You don’t have a garden but you dream of a small vegetable garden? Discover our tips for growing vegetables at home, without soil.
Eat organic and fresh vegetables, reconnect with nature, save money, occupy your free time and/or your grandchildren… There are a whole lot of good reasons that lead us to want to cultivate our own vegetable garden. But to embark on this adventure, it is still necessary to have a garden and a substantial space. Which is not always easy when you live in a city. Or at least that’s what we think. A natural alternative to traditional agriculture, soilless cultivation seems to be the solution to be able to cultivate without soil. To replace the role of nutrients absorbed by the roots in the soil, water is used to irrigate the plants. This is called the principle of hydroponics, a very popular process in France.
The best way to have fresh lettuce on hand every day is to grow it at home. To do this, thin out your salad bought in the supermarket and keep the foot. Cut the latter to about 2 or 3 cm from the end then place it in a container containing water (bowl or salad bowl). New shoots should appear quickly before giving very nice salads in the following fortnight. Consider adding water to your content regularly.
Healthy, comforting, and easy to cook, leeks are the star of fall and winter. It is also eaten steamed as in a soup. To grow it without soil, nothing could be simpler. Cut off the white end of the vegetable then place it in a deep jar filled with water. Poke through the leek with a long toothpick that you will place over the jar to prevent it from running. After a few days, the roots will have doubled or even tripled in size. For more results, you can then plant your leeks in a pot filled with potting soil.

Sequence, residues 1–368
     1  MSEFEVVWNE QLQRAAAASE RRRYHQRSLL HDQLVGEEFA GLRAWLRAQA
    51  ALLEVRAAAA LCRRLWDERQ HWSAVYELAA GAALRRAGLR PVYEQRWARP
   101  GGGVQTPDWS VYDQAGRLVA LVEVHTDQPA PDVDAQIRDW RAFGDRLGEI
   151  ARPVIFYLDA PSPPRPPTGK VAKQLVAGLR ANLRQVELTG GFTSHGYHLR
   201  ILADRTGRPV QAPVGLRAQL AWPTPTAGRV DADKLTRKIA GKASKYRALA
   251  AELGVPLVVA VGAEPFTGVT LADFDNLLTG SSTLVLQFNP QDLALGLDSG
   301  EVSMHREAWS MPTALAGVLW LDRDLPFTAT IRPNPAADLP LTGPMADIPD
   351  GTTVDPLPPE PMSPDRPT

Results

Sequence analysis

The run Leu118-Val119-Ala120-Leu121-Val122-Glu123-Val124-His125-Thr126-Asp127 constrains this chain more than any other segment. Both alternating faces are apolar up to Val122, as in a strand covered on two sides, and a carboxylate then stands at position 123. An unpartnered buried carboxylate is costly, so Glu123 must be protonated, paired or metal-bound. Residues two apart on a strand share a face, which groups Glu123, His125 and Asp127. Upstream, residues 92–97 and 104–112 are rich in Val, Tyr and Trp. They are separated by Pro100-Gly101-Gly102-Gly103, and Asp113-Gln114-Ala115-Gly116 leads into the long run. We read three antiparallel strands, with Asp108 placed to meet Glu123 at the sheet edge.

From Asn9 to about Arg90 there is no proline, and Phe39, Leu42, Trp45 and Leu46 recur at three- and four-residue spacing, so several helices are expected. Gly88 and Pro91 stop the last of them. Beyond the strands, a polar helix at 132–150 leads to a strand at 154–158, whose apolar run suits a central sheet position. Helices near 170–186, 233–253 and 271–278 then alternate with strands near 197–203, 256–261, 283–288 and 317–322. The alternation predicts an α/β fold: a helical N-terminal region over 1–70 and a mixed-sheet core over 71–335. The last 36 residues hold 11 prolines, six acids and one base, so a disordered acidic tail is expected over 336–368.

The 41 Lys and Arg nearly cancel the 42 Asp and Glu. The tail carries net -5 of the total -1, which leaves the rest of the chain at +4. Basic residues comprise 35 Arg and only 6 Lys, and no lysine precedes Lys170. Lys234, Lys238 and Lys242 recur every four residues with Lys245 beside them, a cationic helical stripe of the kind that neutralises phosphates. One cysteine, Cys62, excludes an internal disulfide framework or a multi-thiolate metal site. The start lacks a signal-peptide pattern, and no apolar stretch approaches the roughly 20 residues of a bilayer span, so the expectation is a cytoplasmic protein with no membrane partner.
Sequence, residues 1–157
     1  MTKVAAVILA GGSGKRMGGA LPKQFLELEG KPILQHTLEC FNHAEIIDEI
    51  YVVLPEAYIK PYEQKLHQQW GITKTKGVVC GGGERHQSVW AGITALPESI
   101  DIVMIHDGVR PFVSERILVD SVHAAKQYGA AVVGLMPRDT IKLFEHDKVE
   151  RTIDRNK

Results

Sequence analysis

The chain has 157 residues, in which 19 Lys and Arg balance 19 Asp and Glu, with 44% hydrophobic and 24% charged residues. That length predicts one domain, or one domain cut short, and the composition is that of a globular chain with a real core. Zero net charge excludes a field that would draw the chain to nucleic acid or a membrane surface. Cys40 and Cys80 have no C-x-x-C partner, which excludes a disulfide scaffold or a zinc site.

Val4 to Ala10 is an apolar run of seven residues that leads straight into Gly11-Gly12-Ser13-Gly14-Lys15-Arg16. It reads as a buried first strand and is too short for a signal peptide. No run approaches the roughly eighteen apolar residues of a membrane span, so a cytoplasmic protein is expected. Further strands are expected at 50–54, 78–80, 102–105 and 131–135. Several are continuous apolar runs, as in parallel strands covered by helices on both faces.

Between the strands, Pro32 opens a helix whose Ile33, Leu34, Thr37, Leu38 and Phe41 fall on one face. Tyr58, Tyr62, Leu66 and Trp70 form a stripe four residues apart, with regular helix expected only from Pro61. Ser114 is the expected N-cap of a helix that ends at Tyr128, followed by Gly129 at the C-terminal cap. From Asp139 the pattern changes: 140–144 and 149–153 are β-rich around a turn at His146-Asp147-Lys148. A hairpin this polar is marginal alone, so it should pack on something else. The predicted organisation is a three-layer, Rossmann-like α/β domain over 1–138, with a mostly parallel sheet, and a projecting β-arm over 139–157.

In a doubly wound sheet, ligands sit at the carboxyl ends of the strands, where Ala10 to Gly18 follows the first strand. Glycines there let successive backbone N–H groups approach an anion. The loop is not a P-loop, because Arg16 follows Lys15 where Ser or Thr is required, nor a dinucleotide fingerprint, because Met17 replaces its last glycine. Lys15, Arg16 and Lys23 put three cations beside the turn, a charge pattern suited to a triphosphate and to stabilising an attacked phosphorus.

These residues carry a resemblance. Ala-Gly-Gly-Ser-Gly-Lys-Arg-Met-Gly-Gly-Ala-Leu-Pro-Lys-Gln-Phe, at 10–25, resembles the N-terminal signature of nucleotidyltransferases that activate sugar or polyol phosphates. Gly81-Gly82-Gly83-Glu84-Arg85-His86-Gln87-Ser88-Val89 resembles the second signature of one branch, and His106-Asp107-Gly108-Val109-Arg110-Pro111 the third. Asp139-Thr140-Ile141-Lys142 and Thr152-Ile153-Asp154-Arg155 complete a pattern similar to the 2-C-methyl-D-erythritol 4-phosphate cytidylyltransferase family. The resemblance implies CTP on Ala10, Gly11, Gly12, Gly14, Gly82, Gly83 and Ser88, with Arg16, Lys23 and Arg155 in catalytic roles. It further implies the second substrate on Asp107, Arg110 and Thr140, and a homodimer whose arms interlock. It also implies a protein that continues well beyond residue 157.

Both tender and crunchy, celery is known for its dietary and antioxidant properties. To grow it at home, cut off the bottom of the stem and place it in a small bowl of water for a few days.
With its aniseed flavor, fennel can be cooked both raw or cooked, salty or sweet. To benefit from it all year round, it is also cultivated above ground. To do this, cut the bottom of the stem, taking care not to damage the roots, then place it in a small bowl of water. You will only need a piece of fennel of about 2.5 or even 3 cm to start the new germination.
5) Chinese cabbage
Native to China as the name suggests, Chinese cabbage is easier to digest than its cousin white cabbage. And unlike him, his cultivation does not require any soil. Cut off the bottom of the stem and place it in a small container with water. Watch it and renew the water regularly. Two or three days later, you will see your first shoots appear there.
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